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Film-review report card: Browns 28, Falcons 16 

Here are the grades, after reviewing the film on gamepass.nfl.com, for the Falcons after their embarrassing 28-16 loss to the Browns on Sunday at FirstEnergy Stadium in Cleveland.

Run offense: The Browns bottled up the Falcons’ running game. After taking a 28-7 lead in the third quarter, the Falcons were forced to pass. Tevin Coleman rushed for 44 yards on 11 carries. The Falcons were held to 71 yards rushing on 18 carries for a sub-standard 3.7 yards per carry. The Falcons can’t seem to find any consistency with the rushing attack. Grade: C-plus 

Pass offense: Pro Bowl wide receiver Julio Jones became the fastest player in NFL history to reach 10,000 receiving yards, surpassing former Detroit wide receiver Calvin Johnson's previous record of 115 games. Jones is 769 yards behind wide receiver Roddy White (10,863) for the most yards receiving in franchise history. Matt Ryan completed 38 of 52 passes for 330 yards, including two touchdowns, and had a fumble. He finished with 102.2 passer rating. Wide receiver Mohamed Sanu had a costly fumble at the start of the third quarter when he carelessly reached the ball out 14 yards away from the first down marker. “I don’t know why he’s being so careless with this ball right here,” Fox Sports color analyst Ronde Barber said. “There is no reason to.” Tight end Austin Hooper had his fourth 50-yard receiving game this season. He had 10 catches for 56 yards and one touchdown. Hooper has 46 catches for 418 yards and three touchdowns. He’s on pace to catch a career-high 82 passes. Grade: D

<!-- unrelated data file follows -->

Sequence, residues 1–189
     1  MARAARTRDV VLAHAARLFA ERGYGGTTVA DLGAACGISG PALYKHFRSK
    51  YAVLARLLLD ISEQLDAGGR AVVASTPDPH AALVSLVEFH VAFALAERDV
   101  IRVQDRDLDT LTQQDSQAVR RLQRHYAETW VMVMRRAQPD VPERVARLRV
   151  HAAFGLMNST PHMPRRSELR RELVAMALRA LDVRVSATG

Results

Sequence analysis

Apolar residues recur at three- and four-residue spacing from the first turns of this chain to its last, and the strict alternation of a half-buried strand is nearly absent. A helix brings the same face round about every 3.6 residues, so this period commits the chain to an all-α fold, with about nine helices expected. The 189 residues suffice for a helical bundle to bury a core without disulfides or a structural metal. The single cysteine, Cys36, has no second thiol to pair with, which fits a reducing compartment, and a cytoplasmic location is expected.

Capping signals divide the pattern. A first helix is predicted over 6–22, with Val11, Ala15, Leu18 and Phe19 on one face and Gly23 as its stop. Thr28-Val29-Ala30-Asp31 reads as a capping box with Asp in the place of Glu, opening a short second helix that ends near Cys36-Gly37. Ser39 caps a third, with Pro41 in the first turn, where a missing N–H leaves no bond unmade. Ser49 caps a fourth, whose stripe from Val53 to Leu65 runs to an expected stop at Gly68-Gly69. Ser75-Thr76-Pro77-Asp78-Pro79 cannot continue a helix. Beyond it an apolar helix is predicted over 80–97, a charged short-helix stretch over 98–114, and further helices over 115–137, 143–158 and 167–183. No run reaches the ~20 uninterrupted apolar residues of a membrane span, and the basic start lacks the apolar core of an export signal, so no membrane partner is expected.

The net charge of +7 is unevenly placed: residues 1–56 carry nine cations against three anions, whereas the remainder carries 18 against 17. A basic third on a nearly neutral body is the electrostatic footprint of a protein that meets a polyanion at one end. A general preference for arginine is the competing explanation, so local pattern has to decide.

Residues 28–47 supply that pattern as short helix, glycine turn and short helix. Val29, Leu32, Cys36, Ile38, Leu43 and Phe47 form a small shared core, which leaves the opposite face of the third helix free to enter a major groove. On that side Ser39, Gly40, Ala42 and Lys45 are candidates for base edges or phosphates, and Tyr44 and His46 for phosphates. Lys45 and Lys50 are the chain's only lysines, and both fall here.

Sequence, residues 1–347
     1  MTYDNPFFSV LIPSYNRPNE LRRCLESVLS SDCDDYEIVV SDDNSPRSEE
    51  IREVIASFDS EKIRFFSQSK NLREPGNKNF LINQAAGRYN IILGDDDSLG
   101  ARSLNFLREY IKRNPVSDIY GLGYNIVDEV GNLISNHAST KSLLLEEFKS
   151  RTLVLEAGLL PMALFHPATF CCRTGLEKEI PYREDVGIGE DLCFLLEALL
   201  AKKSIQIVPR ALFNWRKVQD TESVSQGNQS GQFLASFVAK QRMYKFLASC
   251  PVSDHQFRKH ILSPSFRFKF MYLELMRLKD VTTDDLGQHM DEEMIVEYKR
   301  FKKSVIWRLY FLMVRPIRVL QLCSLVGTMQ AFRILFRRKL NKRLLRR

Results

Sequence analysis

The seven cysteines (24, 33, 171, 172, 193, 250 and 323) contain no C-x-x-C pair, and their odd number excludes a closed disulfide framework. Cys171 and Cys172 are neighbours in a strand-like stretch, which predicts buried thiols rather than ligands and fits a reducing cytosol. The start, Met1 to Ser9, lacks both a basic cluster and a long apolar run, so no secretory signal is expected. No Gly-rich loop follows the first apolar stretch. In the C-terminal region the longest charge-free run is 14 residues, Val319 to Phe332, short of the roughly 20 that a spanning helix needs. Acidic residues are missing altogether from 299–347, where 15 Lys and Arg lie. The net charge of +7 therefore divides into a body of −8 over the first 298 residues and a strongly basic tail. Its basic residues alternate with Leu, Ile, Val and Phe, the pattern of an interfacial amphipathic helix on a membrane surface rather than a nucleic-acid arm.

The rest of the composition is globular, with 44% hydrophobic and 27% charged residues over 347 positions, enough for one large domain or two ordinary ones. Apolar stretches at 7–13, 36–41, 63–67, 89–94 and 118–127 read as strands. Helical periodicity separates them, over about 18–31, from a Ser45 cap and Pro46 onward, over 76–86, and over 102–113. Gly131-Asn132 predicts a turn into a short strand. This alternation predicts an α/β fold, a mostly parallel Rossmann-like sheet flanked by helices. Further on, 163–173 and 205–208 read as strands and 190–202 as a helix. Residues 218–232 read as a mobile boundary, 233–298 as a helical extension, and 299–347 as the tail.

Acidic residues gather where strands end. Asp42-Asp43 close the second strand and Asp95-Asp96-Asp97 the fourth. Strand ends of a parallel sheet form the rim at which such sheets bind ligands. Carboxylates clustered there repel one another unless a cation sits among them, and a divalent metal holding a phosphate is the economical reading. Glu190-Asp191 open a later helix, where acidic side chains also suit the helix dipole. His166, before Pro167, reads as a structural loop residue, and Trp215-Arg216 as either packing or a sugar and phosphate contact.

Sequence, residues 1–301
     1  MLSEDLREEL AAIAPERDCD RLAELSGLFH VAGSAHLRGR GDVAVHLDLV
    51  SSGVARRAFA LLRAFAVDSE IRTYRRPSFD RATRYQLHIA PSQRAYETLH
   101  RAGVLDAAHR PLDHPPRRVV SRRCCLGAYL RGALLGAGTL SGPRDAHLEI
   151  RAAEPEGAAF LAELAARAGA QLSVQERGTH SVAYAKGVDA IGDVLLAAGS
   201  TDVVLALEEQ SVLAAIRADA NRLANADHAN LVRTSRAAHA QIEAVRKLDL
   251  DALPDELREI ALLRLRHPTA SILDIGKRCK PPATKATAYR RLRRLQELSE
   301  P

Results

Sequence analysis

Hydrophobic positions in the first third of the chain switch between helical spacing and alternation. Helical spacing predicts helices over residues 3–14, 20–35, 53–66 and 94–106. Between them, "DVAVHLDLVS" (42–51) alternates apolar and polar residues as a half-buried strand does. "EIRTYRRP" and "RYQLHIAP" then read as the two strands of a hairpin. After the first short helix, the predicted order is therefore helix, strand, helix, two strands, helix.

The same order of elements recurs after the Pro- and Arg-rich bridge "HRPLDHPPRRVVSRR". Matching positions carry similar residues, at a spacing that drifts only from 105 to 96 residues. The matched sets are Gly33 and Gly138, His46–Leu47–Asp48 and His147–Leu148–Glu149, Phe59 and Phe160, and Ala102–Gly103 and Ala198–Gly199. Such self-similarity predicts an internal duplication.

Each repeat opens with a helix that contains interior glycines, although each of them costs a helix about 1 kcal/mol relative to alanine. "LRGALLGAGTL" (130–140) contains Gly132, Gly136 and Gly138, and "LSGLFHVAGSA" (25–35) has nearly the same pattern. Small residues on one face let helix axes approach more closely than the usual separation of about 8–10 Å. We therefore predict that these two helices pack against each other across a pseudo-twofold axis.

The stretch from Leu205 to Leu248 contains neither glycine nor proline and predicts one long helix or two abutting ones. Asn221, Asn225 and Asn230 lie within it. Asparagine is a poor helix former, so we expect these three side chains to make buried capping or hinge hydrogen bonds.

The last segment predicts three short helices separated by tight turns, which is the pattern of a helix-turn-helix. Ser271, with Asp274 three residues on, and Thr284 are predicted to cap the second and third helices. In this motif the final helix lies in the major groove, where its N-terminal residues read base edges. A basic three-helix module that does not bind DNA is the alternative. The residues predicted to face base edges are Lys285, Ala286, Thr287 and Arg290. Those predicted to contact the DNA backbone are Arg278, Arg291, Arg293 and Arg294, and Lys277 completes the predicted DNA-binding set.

Falcons wide receiver Julio Jones became the fastest player to reach 10,000 yards receiving in NFL history.

Run defense: The defense was shredded for 211 rushing yards. Browns running back Nick Chubb rushed for 176 yards, including a 92-yard run that should been stopped by Duke Riley at the 9-yard line or at least by free safety Damontae Kazee at the 23-yard line. Riley disowned his gap and tried to run around a block by Cleveland center J.C. Tretter instead of shedding the block. Kazee went for a low arm tackle on the sturdy Chubb. A nice form tackle – hit, wrap and lift – would have worked. The defense acted like they never had seen an inverted wishbone before. While it was likely an un-scouted look, it was the most archaic of football formations. Pro defenders should be able to adjust on the fly and play gap-sound defense against the formation. The Falcons did not, but were bailed out by an errant pass from running back Dontrell Hilliard that was intercepted by Kazee. Trufant gave a questionable effort on the 92-yard touchdown run and appeared to be running away from the play instead of attacking the ball carrier. Grade: F 

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Duke Riley dis-owned his gap and tried to run around a block from Browns center J.C. Tretter. That's how Nick Chubb's 92-yard touchdown run got started.